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Anyway, staying on target here Tony, this is some brilliant and beautiful work. I think I'm probably far from alone in asking if we are going to hear the rest of the story, or see some pics of the bucket end equipment.


I never stop being amazed by the creativity, ingenuity, and skills that get brought to our FISD potluck on a regular basis.

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Interesting use of tech meant for other use and through creativity and perseverance with some trial and error our members come up with some really creative solutions. :icon_bow:

Thank you for sharing but I would love to see the inside of your helmet! :smiley-sw013:


I'm curious as to how you are comfortably fitting all that in there. I have trouble wearing a headset mic and just two fans powered by a 5v USB "lipstick" back up battery. I found some of the less expensive back up battery packs (under $10 ones) don't have any load logic only charging protection.

Now if I can find a 9 volt solution in the same USB "lipstick" configuration for those really warm days.... ;)

Edited by toybiz
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Hey all, thanks for the kudos and your positive encouragement. This little project has been a trial and error experience to say the least, kinda like your first armor build…lol, and I’m sure some will agree when it comes to comfort and convenience sometimes the almighty $ needs to take a back seat, but not today.


To answer some of your questions, the charger weighs 1lb 1oz and costs $80 on Amazon, seen here. I personal have it vecro to my back plate where I can barely feel the weight of it.




There’s also a great customer review, though it was written for the chargers intended use it has a great deal of technical info, like load test results.




As for the electronics in my helmet, please keep in mind this is a FX helmet so there’s a bit more room to work with but more importantly it’s a working prototype utilizing some electronics that will be scaled down in my next build with my new ATA helmet. The main purpose of this post was to shed light on alternative power sources. What electronics you choose to stuff in your bucket or armor is up to you.   


I’m also planning to develop a wiring harness, used in conjunction with the Anker or similar charger that will fit in just about any helmet or armor and could be used to power or charge a variety of electronics.   


Bucket electronics list:

1x 9vdc Voice modifier

1x 9vdc Voice amplifier

3x 5vdc Blower fans

3x Switches (on/off). One switch powers the voice mod and amp. Another is for one fan on cooler days (left side of face) and finally the remaining switch is for the other two fans (right side of face and rear exhaust). My future build will have a 1 three way switch for all the fan controls.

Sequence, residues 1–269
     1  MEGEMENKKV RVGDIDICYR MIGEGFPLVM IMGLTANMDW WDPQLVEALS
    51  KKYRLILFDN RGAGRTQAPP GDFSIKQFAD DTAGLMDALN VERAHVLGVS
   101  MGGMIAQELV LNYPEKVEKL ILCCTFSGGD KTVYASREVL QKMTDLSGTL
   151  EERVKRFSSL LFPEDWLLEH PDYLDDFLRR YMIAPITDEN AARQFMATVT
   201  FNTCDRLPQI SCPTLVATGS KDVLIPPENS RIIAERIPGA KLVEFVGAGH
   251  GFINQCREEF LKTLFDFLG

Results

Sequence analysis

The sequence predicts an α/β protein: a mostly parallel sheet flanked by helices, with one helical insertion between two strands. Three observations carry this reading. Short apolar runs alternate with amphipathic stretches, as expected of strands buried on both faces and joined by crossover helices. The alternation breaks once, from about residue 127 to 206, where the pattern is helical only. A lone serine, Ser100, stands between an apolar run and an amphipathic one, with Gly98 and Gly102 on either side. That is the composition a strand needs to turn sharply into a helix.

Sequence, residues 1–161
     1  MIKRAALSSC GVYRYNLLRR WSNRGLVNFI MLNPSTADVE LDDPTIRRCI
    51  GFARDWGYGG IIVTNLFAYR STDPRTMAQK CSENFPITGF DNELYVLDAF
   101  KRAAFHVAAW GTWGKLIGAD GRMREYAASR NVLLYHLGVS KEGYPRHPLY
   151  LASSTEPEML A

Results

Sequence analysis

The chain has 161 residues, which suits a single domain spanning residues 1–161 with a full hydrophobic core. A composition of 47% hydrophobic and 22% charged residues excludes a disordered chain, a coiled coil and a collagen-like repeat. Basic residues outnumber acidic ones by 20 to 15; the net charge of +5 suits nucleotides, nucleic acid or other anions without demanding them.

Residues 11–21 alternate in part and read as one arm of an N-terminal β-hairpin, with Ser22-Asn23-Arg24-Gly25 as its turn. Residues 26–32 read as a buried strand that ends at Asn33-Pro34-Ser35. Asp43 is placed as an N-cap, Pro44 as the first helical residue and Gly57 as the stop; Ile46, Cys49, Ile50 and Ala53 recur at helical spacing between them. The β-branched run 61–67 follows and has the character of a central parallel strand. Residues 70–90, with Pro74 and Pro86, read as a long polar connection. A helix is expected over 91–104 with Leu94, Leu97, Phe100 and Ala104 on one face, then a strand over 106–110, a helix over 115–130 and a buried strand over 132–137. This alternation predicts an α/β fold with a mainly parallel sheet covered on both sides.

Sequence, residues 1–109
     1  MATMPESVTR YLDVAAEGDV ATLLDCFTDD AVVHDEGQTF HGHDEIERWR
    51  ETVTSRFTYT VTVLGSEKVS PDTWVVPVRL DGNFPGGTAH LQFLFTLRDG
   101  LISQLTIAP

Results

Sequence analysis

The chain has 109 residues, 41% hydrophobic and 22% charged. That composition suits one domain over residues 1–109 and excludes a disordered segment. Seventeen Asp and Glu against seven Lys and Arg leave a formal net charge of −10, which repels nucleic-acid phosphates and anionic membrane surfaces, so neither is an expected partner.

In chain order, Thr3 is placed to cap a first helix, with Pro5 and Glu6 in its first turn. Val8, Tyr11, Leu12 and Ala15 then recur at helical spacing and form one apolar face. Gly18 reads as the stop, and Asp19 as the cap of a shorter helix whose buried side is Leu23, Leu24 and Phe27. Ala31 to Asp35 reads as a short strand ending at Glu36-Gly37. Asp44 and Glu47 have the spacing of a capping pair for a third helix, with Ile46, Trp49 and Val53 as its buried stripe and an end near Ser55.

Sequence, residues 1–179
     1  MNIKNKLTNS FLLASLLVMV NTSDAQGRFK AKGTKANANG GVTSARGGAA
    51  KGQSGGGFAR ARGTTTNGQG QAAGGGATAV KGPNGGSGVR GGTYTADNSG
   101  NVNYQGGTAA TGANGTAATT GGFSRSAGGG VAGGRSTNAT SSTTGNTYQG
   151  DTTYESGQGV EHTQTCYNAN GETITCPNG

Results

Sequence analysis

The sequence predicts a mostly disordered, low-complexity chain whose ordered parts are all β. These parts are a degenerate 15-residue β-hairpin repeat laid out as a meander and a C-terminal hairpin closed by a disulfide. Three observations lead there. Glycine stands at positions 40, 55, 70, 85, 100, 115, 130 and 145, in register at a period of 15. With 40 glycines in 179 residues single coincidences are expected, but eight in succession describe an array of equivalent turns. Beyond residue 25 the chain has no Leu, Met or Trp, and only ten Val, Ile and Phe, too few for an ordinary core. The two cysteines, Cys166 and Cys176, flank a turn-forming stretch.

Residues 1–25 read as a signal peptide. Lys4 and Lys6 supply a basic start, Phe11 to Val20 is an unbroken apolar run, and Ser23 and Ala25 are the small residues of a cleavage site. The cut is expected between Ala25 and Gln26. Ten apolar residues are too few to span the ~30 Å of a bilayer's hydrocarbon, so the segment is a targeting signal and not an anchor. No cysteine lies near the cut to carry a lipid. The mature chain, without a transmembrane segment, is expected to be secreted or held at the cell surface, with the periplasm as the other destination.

2x Hovi speakers

1x Mic and wire boom

1x USB connector, 1x 2.5mm connector and a boatload of 2.5mm connectors to make it easier to configure and or remove/replace items. My future build will utilize a wiring harness using smaller gauge wire as well as a junction block to condense and organize the clutter.


Notice the 2nd amp and a 3rd 2.5mm connector at connector block? Again, this was added in addition to a 3rd speaker to pipe out MP3 music or TK chatter SEPARATE from the voice system. The amp is made by NOVI purchased from Radio Shack for $20.


All in all I think I spent a total of $300 for everything.


I'll post updates as refinement continues.





Edited by gmrhodes13
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  • 8 months later...
  • 1 month later...

I know this is a very old thread but i had to post to it saying thank you. i have watched all your you tube vids on it and read up on your other posts. i am working on a clone trooper and want all the gadgets i can fit in the bucket. thank you soooo much.


edit: wow. been a member for almost a year and this was my first post.  :blush:

Edited by C1ph3r
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  • 10 months later...

Thanks for this.  I had a similar problem with an anker lipstick usb power pack.  It had the same led power switch that turned off if there wasn't enough of a current.  I had been racking my brain about how to fix this.  Mine is different from yours because it only has one usb port. Because of this I didn't think I would be able to use your usb fix. However, a friend who was helping me suggested using a usb splitter and hooking up the flash drive to that to draw power.  I'm hoping that this will work and I won't have to scrap my system I setup.